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View Full Version : Don't Give your Heart to a Rambler



Fretbear
Nov-14-2017, 9:55pm
162296

https://www.amazon.ca/gp/product/0252082761/ref=oh_aui_detailpage_o00_s00?ie=UTF8&psc=1

allenhopkins
Nov-20-2017, 12:56pm
The Amazon description is a bit forbidding. Apparently, from the writer's point of view, Martin was as "volatile" and abusive as his interviews and public utterances might indicate. Books like Smith's Bill Monroe biography include their subject's personal failings, but also their accomplishments and (in Monroe's case, maybe not in Martin's) their genius.

This one may be a little too "up close and personal" for me, though I might take a flier at it. Even the title is cautionary; I guess the best way to appreciate Martin is to listen to his recordings.

Willie Poole
Nov-21-2017, 10:19pm
I agree with Allen, J.M.`s music is great but as a person he left a lot to be desired, I know some of the pickers that have played with him and I just don`t understand how they could take his crap and still keep showing up to play, Much the same with Don Reno...IMHO

Willie

willkamm
Nov-23-2017, 12:08am
Don't know really much about Martin. Saw him live at a club in Harford County, MD one time. Good show. First date my wife and I had. About 40 years ago. I do know, when I read a description, with the words, explosive, volatile, conflicted, along with emotional and physical abuse, I think, alcohol was often involved. Just a semi-educated guess. Too bad. I read Hank Williams was ostracized for the same things.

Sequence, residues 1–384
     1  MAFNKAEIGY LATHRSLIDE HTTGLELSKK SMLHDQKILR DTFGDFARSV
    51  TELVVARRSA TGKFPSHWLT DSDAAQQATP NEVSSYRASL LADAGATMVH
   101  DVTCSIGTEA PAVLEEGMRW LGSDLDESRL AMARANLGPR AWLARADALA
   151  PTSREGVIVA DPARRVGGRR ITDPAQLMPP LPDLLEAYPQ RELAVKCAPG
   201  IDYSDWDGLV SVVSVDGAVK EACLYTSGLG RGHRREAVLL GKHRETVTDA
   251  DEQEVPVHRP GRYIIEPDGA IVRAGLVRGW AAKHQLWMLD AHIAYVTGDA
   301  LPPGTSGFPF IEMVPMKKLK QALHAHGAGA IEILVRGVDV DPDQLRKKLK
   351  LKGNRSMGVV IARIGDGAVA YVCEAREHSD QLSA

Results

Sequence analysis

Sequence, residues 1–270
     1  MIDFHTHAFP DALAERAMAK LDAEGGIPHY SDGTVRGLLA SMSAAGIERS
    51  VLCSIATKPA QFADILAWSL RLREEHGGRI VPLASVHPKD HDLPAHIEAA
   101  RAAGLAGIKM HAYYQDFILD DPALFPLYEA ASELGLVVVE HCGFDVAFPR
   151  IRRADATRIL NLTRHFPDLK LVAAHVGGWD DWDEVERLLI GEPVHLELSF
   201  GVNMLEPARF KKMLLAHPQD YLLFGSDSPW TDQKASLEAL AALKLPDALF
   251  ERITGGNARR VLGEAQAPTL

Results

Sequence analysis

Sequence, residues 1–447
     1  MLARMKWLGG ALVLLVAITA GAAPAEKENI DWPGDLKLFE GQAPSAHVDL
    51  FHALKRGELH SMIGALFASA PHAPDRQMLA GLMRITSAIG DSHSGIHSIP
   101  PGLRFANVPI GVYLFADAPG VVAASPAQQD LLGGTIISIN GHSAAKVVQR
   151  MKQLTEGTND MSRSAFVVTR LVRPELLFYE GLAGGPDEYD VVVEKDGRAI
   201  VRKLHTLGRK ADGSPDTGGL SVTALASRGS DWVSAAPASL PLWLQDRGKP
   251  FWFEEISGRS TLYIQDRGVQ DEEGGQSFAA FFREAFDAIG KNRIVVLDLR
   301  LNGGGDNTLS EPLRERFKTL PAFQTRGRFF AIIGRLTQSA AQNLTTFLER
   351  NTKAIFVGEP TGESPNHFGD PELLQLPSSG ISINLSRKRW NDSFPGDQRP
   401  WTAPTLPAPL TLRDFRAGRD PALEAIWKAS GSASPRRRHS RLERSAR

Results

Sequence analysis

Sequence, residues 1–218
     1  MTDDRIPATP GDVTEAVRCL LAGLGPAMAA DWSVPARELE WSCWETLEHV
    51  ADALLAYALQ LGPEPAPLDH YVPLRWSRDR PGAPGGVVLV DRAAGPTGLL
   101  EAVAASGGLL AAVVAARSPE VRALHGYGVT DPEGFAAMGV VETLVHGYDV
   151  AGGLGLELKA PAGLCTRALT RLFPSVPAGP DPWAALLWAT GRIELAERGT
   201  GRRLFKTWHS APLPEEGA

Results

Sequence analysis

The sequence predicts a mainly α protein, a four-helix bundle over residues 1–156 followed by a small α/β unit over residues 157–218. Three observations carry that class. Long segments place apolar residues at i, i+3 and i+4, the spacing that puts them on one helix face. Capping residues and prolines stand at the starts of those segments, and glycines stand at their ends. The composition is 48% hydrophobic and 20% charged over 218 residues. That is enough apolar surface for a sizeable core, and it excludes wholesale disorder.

allenhopkins
Nov-23-2017, 9:43pm
Williams's problem was that he showed up drunk at shows, and couldn't perform; got him kicked off the Opry, I believe. I've heard that Martin had a liking for the bottle, but not that he messed up his performances. Mostly the talk is that he was an SOB, and the interviews with him late in his career have quoted a whole list of his expressed grievances, with the Opry for never letting him join, with band members and promoters and so forth.

As Willie states above, Sunny Mountain Boys alumni have some stories to tell. Martin was fond of telling them that they could never measure up to J D Crowe and Paul Williams, his former banjo and mandolin players; he'd criticize them to others, make them buy their own matching clothes when other band leaders would pay for "uniforms," and generally treat them like unsatisfactory employees.

I'm sure his girlfriend-slash-agent has some stories to tell; question is, do we want to read them or not?

Willie Poole
Nov-24-2017, 12:36pm
I was playing on a festival in Calloway Md. one year and Martin`s band was suppose to follow us and we found that he was indeed laid out drunk in his bands motor home so we had to do two sets, actually we didn`t do all of the second set because his band members came out and took the second half of that set, with out Jimmy, I guess they figured they would not get paid it they didn`t at least make an attempt to do the show...I have seen him bring tears to a young banjo player`s eyes by cutting him down on the stage, just no call for that in my opinion...BUT I love his recordings...

Willie

Timbofood
Nov-24-2017, 2:16pm
Since he’s not around to defend his actions (or deny them) I don’t see any point in speaking ill of the dead. His old band members and those who knew him cansay what they please, I agree with Allen, I don’t think I really need to read about his demons.